A few months into her fifteenth year, she boards a Greyhound bus for the first time. Carries an oversized stuffed brown bear and small suitcase up the steps, down the narrow aisle. Eyes ping pong back to front, side to side, assessing open seats without making contact with strangers. Looks out the window at the crowd below, the ones that kiss each other, hug goodbye. She sits alone in her thoughts. About what she leaves behind and the unknown of what lies ahead.
The bear, a gift from friends at her going away party the night before, it sits in the aisle seat next to her like a bodyguard from heaven, warding off the odd and strange. Peculiar how it makes her feel safe sitting there.
But really, she has been talking to masses of stuffed animals as long as she can remember. They listen to her prayers in the dark night; give comfort when the pain and loneliness get to be too much. Offer their furry ears to wipe tears that sting hot on the face.
On this day, pressed up against cold glass, she holds herself tight in fear. Misses her friends, the surrogate family members. Worries if she will have friends at the new school. Thinks about her cheerleading uniform, the white bedroom furniture that she leaves at her friend’s house, the one she lives with for months after her mother decides to move away.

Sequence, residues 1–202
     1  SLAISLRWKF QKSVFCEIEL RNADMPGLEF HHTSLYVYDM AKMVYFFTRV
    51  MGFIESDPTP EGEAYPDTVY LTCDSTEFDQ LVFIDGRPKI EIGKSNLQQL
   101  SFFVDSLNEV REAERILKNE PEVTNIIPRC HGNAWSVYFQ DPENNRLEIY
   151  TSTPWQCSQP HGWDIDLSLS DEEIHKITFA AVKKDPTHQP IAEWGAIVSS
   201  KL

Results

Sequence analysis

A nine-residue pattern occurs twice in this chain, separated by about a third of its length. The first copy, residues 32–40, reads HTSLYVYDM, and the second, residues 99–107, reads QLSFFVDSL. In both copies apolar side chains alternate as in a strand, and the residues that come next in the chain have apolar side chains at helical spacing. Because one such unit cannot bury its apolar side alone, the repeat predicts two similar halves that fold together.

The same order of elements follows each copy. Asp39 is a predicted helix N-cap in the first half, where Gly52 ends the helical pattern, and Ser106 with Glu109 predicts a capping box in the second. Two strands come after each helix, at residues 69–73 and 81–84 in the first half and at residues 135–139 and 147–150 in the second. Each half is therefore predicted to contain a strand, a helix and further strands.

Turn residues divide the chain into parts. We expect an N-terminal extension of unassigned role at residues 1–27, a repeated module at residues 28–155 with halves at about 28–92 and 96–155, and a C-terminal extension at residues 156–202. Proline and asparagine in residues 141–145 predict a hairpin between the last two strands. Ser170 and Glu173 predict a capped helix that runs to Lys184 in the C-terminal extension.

Wishes she could stay behind with friends to finish high school. Because she loves her mother, just not what the alcohol does . . to both of them.
This bus takes her to a city, in another state. To the home of a beloved aunt that said, “she can live with me.” And all this newness, it feels like sitting in a prison cell wrapped tight in rope and hopeful all at the same time.
Because she doesn’t know how to move, live free but she trusts in God. He is all she has. Knows this bus travels to those foreign places called love and security, but there is no framework for this kind of change. No one holding her hand, explaining how this works, telling her it’s going to be okay.
Years later, she marries a man who loves the way she dreams of and she becomes the kind of parent she wishes she had herself. And when she experiences something new, change with no framework, her back tenses and she can’t move.
Because the body remembers, what the mind forgets.
And this is healing grace, this revelation. Because now, when the new comes and the body remembers it is like a sacred echo in an evergreen canyon reminding, “You don’t have to be afraid because I am with you. I was there on the bus, I am there with you now.”